Learning Styles And Homeschool Planning
Homeschooling introduces us to many theories of how to teach our children. When you start to hear about them or read about them, it can be overwhelming. But, it helps to know the basics before you start buying curriculum. I have degrees in education, so I know something of this. When I homeschooled, I was extremely interested in learning styles.
My children were 5 years apart in age and very different in personality. We felt like they were all first-born children, and they didn’t line up with the traditional first-born, middle and baby child patterns. That was fine with us, but I wanted to pick a curriculum that worked well for them. Attending my state convention in Virginia, I learned so much about planning. I also found a book about Learning Styles.
I loved this little book which I immediately could identify each of my children in their particular learning style. As I read the book, it made so much sense how they reacted to their course-work. If they were visual, I could see the problems they had with a lesson that was completely auditory. Or, if they were hands-on, they had trouble sitting still and doing work-sheets all day.
I never dreamed there would be any problem with worksheets. My learning style is the type that loves worksheets, quizzes and routines. As a teacher, I was extremely comfortable doing ABeka or something similar. When I tried to teach in a different learning style, I was completely out of my comfort zone, and it was hard!
But, understanding that it was ok to struggle, as long as it was benefitting my children made me feel great!. My oldest was then put in a room to do his A Beka, because he really needed a quiet place to do his work. The other two and I did KONOS unit studies in a separate room. This plan worked so well. KONOS provided all the subjects except Math and English. The topics had projects to do as a family, but some were for younger children and some for older children. The kids and I loved it and they loved learning.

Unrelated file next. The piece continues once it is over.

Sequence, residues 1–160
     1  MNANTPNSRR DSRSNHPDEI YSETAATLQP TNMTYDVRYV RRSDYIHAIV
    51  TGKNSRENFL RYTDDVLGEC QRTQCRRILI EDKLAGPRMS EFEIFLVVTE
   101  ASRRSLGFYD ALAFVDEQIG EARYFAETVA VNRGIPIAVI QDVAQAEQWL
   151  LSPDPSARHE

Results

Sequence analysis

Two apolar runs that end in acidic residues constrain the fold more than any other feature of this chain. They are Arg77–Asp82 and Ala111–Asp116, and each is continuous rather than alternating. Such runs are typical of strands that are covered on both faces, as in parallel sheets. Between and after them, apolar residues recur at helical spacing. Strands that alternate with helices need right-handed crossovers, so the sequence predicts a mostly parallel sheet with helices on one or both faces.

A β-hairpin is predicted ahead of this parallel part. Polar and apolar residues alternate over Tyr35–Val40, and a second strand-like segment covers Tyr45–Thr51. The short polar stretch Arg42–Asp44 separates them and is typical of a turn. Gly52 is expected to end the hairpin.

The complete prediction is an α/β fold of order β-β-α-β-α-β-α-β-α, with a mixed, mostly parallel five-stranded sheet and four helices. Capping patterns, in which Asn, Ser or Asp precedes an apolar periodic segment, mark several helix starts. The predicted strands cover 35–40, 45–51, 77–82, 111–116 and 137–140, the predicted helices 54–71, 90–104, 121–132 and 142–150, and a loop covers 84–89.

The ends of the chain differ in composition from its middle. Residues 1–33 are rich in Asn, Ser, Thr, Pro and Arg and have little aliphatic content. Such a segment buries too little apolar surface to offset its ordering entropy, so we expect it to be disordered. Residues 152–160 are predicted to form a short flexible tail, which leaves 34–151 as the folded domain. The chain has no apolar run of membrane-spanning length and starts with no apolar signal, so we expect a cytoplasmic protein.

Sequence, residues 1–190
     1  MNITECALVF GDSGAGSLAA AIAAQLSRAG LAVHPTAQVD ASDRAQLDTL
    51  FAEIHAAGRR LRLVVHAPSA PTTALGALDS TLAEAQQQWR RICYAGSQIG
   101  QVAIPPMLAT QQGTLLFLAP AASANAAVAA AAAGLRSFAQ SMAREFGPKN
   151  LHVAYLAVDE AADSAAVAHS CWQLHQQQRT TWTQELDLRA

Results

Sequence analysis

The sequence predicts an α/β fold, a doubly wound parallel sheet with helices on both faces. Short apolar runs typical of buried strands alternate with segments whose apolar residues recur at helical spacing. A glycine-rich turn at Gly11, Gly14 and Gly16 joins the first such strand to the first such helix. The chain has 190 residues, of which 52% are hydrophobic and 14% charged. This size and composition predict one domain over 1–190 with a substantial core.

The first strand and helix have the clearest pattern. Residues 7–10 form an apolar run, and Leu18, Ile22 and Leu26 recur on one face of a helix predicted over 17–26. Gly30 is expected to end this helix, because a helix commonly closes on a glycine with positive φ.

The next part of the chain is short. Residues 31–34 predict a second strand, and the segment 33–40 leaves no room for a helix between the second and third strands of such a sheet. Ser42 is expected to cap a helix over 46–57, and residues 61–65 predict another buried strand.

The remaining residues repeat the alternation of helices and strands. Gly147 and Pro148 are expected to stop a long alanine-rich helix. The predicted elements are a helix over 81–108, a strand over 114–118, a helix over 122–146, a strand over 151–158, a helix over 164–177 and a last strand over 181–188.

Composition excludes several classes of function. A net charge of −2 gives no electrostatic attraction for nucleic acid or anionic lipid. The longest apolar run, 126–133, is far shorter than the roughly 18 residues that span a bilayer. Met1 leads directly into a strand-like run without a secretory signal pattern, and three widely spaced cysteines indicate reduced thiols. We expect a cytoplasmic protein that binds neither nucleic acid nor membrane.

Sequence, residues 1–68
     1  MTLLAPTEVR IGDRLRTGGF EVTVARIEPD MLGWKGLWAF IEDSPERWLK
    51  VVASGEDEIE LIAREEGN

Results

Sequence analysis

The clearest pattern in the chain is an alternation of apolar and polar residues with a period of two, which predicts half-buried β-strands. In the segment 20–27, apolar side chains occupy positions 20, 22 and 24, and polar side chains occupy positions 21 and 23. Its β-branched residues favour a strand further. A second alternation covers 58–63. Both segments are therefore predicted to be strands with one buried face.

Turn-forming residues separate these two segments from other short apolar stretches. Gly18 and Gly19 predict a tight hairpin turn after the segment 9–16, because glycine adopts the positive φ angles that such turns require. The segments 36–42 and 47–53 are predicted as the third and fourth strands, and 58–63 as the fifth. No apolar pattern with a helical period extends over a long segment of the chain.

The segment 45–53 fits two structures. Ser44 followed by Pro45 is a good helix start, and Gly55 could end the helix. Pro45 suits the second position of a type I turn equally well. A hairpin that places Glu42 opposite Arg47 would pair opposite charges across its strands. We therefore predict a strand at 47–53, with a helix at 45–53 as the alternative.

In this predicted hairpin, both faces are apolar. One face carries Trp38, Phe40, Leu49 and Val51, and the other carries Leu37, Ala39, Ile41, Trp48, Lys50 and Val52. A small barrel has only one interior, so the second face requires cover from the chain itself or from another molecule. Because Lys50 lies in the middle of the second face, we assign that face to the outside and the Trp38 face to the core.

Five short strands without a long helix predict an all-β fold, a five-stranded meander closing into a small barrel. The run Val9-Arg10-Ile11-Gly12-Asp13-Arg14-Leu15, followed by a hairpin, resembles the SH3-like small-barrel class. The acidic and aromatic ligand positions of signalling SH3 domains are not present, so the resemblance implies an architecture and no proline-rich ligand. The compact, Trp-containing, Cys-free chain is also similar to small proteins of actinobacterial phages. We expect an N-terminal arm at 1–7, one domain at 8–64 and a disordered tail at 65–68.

This was one of our favorite seasons of homeschooling. Trying to find the perfect learning program for your child is the best kind of education a child can hope for. It certainly doesn’t make everything perfect, but it provides them the easiest way to understand what they’re expected to learn.
As my children got older, they had to learn primarily from textbooks and online. We didn’t stick with unit studies or hands-on activities. We did more of a classical/charlottemason mix. But, when they needed to learn or memorize or drill for tests, I reminded them of how they learned best. They used some of those methods to prepare and did very well. This helped prepare them for college. They even used the study methods in college. The oldest has a masters, the middle child is getting a masters and the youngest is a junior in college.
Some people criticize learning style theory, but I know it worked in our home. What do you think about it? Do you have a particular way to choose your curriculum? There are so many things to consider. That’s what I love about homeschooling. Learning styles is just one of the many things to consider when planning your child’s education.
@2017, copyright Lisa Ehrman